Expert Answers to Biz Questions
Listen in! Pick up some expert advice to a reader's question that we selected from CyberSchmooz.
The Biz Question
I own a small housekeeping business and have doing the work for 11years now. I have been trying to build my business and have done verywell. My problem is that I have too much work and have not been ableto find good employees. I understand that I'll probably have to gothrough a lot of people in my search for good employees, but I havegone through seven people in the last four months. Some of my clientsare getting irritated by having new people in their house all the time.
Also, I start sending employees to new customer's homes and thenthey quit or make excuses why they can't work leaving me to do allthe work. I'm not able to move to the next level in my business andthe calls keep coming for more work. I'm very frustrated and needsome good advice.
Answer from our Guest Expert Allison Gaea Jucha of Yes!Coaching
This is a great question because it hits home with so many small business owners. You're right, it is extremely frustrating to try to grow a business when folks are not sticking with it.
My first questions, as a coach, would be: Are you asking your employees why they are leaving? Are you asking what difference would encourage them to stay? Find out what the issues are - the hours? inconsistent amounts of work? lack of training? communication gaps or personality conflicts? Is your wage competitive?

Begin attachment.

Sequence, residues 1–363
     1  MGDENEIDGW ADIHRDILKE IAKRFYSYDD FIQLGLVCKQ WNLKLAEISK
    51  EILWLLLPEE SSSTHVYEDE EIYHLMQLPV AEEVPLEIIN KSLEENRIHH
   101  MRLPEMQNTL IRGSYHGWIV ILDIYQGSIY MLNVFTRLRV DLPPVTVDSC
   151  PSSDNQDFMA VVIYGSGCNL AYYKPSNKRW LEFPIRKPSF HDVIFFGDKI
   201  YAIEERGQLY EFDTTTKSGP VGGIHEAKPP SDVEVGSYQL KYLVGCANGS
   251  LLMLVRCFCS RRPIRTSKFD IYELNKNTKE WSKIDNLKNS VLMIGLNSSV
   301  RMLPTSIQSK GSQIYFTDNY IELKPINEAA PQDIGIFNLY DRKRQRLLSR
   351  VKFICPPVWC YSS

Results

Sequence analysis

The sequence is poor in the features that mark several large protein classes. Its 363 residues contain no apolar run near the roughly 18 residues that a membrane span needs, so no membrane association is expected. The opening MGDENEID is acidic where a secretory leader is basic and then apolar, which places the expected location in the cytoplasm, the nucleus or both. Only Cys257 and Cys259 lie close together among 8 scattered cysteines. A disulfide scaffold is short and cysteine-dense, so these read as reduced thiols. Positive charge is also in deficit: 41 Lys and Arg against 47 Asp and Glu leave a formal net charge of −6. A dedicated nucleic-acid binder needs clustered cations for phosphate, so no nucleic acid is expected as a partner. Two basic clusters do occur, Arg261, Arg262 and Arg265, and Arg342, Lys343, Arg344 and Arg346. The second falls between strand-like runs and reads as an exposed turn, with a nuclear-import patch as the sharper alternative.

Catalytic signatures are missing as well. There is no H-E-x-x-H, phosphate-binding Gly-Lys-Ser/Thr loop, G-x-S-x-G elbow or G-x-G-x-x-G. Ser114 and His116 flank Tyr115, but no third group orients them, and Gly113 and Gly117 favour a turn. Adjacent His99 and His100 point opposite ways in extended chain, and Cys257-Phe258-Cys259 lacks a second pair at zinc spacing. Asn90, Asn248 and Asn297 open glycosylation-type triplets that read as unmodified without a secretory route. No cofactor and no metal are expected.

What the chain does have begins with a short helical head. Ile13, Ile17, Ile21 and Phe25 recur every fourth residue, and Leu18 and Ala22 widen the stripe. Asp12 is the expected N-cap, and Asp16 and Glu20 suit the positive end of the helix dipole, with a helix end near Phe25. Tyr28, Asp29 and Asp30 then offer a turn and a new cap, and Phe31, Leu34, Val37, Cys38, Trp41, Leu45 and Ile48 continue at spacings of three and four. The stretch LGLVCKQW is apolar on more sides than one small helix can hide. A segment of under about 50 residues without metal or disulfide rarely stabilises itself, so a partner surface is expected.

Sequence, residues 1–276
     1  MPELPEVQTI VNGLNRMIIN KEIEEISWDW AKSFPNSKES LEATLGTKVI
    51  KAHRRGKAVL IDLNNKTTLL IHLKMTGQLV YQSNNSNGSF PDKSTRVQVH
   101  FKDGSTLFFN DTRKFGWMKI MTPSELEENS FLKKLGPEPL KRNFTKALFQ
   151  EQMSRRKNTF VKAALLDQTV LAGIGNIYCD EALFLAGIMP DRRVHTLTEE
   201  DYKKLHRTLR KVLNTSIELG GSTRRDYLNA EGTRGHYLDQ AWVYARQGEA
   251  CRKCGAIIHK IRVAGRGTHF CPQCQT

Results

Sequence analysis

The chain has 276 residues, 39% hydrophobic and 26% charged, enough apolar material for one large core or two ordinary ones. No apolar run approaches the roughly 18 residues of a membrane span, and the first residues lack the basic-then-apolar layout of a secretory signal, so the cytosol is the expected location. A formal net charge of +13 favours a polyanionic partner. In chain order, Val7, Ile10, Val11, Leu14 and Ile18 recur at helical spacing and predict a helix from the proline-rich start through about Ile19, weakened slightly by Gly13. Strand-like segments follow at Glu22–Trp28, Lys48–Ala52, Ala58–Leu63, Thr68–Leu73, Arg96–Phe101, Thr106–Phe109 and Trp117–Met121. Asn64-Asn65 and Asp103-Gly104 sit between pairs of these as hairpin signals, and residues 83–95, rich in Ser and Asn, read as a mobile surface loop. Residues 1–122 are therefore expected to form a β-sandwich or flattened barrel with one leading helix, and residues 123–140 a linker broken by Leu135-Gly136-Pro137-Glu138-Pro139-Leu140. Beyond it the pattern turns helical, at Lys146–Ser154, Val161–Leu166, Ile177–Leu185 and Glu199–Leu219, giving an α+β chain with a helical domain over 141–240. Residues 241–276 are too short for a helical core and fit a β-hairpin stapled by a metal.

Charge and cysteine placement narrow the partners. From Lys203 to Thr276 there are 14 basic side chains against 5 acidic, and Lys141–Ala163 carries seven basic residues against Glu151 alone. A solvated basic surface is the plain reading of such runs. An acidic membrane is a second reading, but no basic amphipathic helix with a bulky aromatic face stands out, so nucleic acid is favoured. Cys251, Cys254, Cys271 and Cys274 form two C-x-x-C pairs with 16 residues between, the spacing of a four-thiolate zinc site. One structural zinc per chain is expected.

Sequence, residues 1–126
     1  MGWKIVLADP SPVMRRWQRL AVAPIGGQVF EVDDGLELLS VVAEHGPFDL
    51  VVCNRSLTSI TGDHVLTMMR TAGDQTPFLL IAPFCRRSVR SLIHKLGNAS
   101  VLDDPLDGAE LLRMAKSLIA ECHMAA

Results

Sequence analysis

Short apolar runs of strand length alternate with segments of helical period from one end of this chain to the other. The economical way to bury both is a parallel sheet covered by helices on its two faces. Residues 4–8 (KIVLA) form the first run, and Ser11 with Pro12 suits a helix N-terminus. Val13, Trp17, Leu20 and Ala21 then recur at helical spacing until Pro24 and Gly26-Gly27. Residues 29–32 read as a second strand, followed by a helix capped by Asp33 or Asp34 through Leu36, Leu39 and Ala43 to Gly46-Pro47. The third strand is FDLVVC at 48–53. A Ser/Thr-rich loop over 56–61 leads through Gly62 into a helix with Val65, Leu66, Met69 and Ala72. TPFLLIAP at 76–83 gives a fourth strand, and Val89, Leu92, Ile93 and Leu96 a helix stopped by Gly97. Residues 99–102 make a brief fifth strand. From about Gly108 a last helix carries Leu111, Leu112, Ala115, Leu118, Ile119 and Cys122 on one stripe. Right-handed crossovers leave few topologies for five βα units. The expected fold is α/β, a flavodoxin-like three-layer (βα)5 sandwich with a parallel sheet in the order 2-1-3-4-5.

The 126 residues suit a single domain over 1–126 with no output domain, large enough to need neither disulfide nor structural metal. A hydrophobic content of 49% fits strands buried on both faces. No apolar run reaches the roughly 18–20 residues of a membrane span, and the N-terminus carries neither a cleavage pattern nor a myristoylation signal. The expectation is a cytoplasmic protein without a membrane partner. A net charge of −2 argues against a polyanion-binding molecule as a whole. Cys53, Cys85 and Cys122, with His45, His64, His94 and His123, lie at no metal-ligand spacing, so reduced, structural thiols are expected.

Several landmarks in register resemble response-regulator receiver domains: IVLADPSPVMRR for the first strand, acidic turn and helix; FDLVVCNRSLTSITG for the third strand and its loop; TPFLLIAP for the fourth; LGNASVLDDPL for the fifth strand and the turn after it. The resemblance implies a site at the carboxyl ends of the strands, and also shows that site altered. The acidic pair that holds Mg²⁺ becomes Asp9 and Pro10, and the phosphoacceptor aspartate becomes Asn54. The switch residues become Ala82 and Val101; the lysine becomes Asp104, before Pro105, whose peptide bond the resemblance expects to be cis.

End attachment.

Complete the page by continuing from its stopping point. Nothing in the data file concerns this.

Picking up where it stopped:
For instance, if many of these folks are saying they'd really liketo go back to school or stay home with their kids, you now know something about who might not really commit to your business. If they are leaving to work for another cleaning company, you must do everything you can to keep a competitive edge. Be a good detective: Under another name, call other services like yours and ask about employment. See how others are handling the interviewing and hiring.Then do it better!
What do your interviewees encounter during the hiring process? Do you have clear policies? Do your new employees know what they can expect from the business? Are you checking references?
On the visionary level, are you ready to create a business everyone will want to work for? One young women moved to SanFrancisco with no money, starting a cleaning service and is now running a very successful business called Rent-A-Wife. She has a marketing theme that appeals to the working man or woman, and women want to work for her. She has the life she wants and she is now able to help others have that, too -- clients and employees. If employees see that this business enables you to have the life you want, they're going to want to be a part of that.
It might be wise to take only the business you can handle by yourself until you have developed a plan for your business that supports your dreams for yourself, your clients and your employees.
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